FDA Fails to Adequately Address Discriminatory Blood Donation Ban
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WASHINGTON – The U.S. Food and Drug Administration (FDA) announced today a change in the current lifetime ban on blood donations from gay, bisexual, and other men who have sex with men. The proposal would replace the lifetime ban with a one-year deferral, which would only permit gay and bisexual men to donate blood if they have not had sex with another man in the past year. The proposal would treat all sexual relationships between men the same way that heterosexual sex is treated when it involves a commercial sex worker or an individual who is known to be living with HIV.
“The FDA’s proposal must be seen as part of an ongoing process and not an end point,” said Ian Thompson, a legislative representative in the ACLU’s Washington Legislative Office. “The reality for most gay and bisexual men – including those in committed, monogamous relationships – is that this proposal will continue to function as a de facto lifetime ban. Criteria for determining blood donor eligibility should be based on science, not outdated, discriminatory stereotypes and assumptions.”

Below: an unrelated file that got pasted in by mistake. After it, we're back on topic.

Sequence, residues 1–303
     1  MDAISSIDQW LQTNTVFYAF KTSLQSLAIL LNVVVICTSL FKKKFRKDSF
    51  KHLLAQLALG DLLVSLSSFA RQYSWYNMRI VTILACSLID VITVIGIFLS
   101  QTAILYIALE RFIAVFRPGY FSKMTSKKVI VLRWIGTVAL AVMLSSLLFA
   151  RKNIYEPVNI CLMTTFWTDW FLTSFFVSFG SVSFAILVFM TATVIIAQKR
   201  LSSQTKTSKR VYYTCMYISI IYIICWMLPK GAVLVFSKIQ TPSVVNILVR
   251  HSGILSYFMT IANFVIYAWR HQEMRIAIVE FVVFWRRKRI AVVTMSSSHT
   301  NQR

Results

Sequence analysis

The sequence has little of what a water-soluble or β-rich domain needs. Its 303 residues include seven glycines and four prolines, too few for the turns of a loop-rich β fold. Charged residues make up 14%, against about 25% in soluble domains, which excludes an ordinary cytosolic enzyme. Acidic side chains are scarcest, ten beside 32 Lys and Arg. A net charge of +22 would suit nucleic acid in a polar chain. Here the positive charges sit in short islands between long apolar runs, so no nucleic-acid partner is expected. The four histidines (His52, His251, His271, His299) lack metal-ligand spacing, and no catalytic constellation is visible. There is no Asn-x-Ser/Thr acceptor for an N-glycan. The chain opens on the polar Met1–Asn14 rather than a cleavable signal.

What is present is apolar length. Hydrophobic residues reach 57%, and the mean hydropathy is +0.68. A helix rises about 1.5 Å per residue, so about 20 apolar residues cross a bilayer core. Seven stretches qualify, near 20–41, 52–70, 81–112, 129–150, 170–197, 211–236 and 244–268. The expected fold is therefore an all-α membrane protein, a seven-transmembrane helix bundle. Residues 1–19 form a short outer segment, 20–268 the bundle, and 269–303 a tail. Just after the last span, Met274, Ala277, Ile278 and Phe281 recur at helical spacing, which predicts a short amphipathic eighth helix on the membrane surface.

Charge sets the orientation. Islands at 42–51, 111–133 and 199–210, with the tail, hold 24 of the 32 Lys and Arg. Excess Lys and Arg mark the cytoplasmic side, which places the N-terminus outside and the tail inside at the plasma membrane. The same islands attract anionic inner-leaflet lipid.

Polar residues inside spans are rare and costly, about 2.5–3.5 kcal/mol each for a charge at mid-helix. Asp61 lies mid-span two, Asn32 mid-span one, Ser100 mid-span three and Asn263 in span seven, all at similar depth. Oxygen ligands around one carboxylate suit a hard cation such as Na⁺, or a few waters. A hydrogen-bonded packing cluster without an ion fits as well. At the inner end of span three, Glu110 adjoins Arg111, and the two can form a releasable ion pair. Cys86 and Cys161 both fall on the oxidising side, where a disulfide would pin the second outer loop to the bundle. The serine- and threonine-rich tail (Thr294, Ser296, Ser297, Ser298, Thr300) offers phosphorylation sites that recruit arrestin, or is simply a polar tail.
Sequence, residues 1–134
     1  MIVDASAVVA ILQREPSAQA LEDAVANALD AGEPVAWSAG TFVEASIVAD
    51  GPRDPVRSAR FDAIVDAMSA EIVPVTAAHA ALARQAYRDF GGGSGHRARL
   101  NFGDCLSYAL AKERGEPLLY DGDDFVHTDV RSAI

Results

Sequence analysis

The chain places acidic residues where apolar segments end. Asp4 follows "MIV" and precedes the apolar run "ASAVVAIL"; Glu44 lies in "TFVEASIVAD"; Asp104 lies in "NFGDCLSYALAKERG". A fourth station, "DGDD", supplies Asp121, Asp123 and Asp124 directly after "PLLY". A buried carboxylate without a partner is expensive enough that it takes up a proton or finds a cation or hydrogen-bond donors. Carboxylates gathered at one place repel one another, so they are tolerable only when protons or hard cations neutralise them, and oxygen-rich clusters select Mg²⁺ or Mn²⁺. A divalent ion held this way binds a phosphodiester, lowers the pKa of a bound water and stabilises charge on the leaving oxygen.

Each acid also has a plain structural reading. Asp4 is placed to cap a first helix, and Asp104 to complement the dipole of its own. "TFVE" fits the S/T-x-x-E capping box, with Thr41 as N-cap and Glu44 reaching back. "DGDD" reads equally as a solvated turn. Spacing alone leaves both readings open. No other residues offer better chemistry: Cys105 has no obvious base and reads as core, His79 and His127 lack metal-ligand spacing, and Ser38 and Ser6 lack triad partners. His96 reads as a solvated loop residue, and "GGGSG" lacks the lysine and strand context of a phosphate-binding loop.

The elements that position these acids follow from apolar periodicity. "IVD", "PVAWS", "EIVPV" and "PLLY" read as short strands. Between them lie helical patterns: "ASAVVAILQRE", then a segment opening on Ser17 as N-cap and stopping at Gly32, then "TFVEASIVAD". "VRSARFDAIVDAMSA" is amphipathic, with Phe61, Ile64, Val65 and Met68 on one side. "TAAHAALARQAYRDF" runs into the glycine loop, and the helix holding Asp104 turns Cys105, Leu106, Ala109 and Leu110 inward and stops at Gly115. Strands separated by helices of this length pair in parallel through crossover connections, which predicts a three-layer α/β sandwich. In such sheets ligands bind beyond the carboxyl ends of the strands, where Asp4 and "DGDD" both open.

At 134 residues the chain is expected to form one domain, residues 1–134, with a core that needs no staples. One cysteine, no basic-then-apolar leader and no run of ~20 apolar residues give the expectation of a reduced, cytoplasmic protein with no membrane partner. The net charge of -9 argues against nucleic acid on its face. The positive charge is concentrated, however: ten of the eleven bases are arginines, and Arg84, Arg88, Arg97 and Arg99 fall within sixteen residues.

The FDA blood donation policy, which has been in place since 1983, prohibits any man who has had sex with another man, even one time, since 1977 from donating blood. The American Civil Liberties Union previously submitted comments urging the FDA to reassess its policy based on current scientific evidence.
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